Banks see NPL ratio peaking at 6 to 7pct

20-Jan-2021 Intellasia | PhilStar | 6:02 AM Print This Post

The non-performing loan (NPL) ratio of the banking sector is seen peaking at six to seven percent due to the impact of the pandemic, according to the Bankers Association of the Philippines.

BAP president Cezar Con-sing said the projected NPL ratio is lower compared to the levels recorded during the Asian financial crisis in 1997 and the global financial crisis in 2008.

“Philippine banks expected a huge uptick in loan losses with the onset of COVID-19. In the Asian financial crisis over 20 years ago, the banking industry’s ratio of NPLs to total loans peaked in the high teens. However, this time around, we think the industry ratio will peak at six to seven percent,” Consing said in a text message.

Latest data from the Bangko Sentral ng Pilipinas (BSP) showed the industry’s gross NPL ratio rose to 3.81 percent in end-November last year from 3.72 percent in October last year. Bad debts refer to past due loan accounts where the principal or interest is unpaid for 30 days or more after due date.

This was the highest gross NPL ratio since the 3.48 percent booked in January 2013. Data prior to 2013 are not consistent with the Department of Supervisory Analytics as the financial reporting package started in 2013.

The bad loan ratio of the banking industry has steadily increased since the 2.16 percent recorded in January last year due to the impact of the pandemic.

“It will be a multiple of what we saw pre-COVID, but only about a third in percentage terms of what we experienced two decades ago. For this we have to thank aggressive monetary policy and low interest rates, a firm peso and a better capitalised banking system,” Consing said.

Consing is scheduled to step down as president and chief executive officer of Ayala-led Bank of the Philippine Islands in April. He was appointed BPI chief in 2013 after joining the bank in 1995.

The industry’s NPL ratio peaked at 16.9 percent in 2001 after the Asian financial crisis, but declined significantly due to several reforms adopted by the BSP.

Statistics from the central bank showed the soured loans of the banking industry amounted to a record P404.69 billion in end-November last year or P171.62 billion more than the P233.06 billion recorded in the same month in 2019.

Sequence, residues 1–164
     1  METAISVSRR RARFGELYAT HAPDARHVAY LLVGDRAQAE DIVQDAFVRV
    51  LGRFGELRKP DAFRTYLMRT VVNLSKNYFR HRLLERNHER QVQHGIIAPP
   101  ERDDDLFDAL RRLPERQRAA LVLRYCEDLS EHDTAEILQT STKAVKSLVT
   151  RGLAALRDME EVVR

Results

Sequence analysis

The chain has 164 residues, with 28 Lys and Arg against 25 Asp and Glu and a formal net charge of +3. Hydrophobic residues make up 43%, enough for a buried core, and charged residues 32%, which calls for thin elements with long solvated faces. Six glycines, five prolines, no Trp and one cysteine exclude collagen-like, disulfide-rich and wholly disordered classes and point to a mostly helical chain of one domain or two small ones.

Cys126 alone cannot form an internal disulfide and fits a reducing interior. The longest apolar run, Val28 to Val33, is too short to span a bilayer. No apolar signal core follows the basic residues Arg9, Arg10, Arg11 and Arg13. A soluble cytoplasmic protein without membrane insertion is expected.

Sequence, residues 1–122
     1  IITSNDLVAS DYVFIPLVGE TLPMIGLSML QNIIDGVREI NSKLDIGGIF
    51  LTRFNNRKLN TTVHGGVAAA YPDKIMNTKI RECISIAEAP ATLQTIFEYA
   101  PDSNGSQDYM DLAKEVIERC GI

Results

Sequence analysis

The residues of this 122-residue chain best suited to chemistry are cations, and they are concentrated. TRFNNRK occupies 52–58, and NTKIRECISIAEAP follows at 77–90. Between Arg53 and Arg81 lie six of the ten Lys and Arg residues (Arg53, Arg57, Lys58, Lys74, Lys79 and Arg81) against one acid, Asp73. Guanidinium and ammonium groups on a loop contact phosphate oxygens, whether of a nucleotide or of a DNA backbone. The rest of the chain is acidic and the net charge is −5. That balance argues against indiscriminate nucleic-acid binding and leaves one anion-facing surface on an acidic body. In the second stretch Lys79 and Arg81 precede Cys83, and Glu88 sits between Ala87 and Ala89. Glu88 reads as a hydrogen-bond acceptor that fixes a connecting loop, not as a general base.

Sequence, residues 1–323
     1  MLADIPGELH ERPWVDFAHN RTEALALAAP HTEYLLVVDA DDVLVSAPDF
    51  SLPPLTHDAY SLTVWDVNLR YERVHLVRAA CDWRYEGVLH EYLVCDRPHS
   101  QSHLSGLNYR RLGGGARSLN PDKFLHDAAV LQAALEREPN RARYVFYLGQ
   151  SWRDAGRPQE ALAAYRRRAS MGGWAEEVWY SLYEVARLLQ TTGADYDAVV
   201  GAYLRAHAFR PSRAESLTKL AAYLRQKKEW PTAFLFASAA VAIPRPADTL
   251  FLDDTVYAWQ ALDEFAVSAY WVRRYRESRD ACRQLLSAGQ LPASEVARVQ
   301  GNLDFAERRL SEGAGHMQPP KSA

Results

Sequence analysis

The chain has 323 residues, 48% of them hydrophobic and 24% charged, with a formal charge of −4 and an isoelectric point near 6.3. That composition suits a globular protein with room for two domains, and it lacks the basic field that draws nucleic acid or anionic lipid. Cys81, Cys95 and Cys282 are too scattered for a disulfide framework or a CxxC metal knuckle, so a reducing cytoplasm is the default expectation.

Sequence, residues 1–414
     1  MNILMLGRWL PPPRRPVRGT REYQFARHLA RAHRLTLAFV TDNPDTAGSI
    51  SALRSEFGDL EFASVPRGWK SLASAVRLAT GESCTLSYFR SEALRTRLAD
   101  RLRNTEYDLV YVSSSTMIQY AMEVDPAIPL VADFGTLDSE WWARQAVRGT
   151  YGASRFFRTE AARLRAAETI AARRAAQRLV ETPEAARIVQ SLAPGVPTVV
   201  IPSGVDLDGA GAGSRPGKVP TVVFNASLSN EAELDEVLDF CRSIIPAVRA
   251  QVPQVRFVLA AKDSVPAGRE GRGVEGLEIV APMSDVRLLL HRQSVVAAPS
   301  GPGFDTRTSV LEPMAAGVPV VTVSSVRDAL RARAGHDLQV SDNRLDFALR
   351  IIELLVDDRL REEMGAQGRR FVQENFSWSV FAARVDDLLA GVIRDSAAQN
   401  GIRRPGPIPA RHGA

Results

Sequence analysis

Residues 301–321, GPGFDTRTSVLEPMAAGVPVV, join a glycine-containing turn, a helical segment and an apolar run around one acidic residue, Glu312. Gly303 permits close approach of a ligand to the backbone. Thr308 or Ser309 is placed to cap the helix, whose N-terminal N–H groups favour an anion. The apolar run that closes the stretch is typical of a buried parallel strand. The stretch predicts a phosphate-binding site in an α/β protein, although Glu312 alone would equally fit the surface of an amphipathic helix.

On the other hand, the sector’s loan portfolio slipped slightly to P10.62 trillion from P10.63 trillion.

Data from the central bank showed past due loans referring to all types of loans left unsettled beyond payment date soared by 63.3 percent to P507.69 billion from P310.88 billion for a past due ratio of 4.78 percent.

Likewise, the industry’s restructured loans reached P139.61 billion in end-November last year or 3.4 times the P40.86 billion booked in end-November 2019, translating to a restructured loan ratio of 1.31 percent.

The level of bad debts and NPL ratio of the sector are seen rising further as the debt holiday extended by a new law expired in December.

Congress has granted debt moratoriums, including 30 days under Republic Act 11469 or Bayanihan to Heal as One Act that expired last June 24, and another 60 days under RA 11494 or Bayanihan to Recover As One Act or Bayanihan 2 that lapsed last month.

Likewise, the BSP has issued a new resolution wherein the period allowing BSP supervised financial institutions (BSFIs) to exclude loans of borrowers affected by the COVID-19 pandemic from being reclassified as part due and non-performing was shortened to end December last year instead of end December this year.

In anticipation of rising defaults brought about by uncertainties due to the global health crisis, data released by the central bank showed the industry allowance for credit losses surged by 65.4 percent to P352.73 billion in end-November last year from a year-ago level of P213.27 billion, representing a loan loss reserve ratio of 3.32 percent.

Despite the increase, NPL coverage ratio declined to 87.16 percent in November from 91.51 percent in the same month in 2019.


Category: Philippines

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